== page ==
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The twists and turns in the drama of combating disease are no less sensational than those found in a typical soap opera. In both, the "villain" may actually turn out to be the "good guy." For example, Prof. Avraham Ben-Nun of the Institute's Immunology Department has discovered that the bacterium responsible for whooping cough may provide protection against autoimmune diseases.
Autoimmune diseases occur when the body betrays itself: the immune system, meant to identify and attack disease-carrying agents and other invaders, starts to attack proteins that are native to the body and vital to its ongoing functions. Scientists combating these diseases seek to suppress the immune system's attack on these proteins without weakening the system as a whole. When Bordetella pertussis microbes (which cause whooping cough) invade a body that is already "at war" with itself, they can increase the severity of the immune system's attack, intensifying the symptoms. Ben-Nun has discovered, however, that when these microbes enter the body prior to the onset of an autoimmune disease, they can prevent its occurrence. He later proved that these opposing actions are caused by pertussis, a toxin produced by the microbe.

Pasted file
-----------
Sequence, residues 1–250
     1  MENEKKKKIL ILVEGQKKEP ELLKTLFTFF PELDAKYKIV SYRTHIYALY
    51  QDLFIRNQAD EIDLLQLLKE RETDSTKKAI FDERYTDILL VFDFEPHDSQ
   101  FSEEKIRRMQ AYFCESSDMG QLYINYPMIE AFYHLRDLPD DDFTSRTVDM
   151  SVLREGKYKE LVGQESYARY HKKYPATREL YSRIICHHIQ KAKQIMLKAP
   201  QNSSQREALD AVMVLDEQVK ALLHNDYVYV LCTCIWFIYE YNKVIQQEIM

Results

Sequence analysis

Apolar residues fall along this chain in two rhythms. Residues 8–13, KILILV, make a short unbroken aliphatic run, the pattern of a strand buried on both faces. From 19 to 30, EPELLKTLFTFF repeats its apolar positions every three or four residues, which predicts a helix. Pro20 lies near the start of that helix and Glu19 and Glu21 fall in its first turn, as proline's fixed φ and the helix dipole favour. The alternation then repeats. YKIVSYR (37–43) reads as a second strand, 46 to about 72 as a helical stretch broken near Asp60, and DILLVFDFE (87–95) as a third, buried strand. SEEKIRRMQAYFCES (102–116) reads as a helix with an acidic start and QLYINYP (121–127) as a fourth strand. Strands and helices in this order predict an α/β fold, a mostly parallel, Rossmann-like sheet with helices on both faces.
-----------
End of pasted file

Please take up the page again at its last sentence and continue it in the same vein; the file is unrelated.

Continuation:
Analyzing this toxin, Ben-Nun found that while one of its components is responsible for encouraging the immune system's attack, another blocks it. A research team led by Ben-Nun is now examining how this component might be used to treat various autoimmune diseases, as well as to stop the growth of cancerous metastases.
Prof. Avraham Ben-Nun holds the Eugene and Marcia Applebaum Professorial Chair. His research is currently supported by the Abisch-Frenkel Foundation, the U.S. National Multiple Sclerosis Society, and the Israel National Science Foundation.
"As a child, I loved the outdoors. I had an extensive flower and butterfly collection and dreamed of studying medicine. After being wounded during military service, I gave up medicine and turned from macro to micro biology."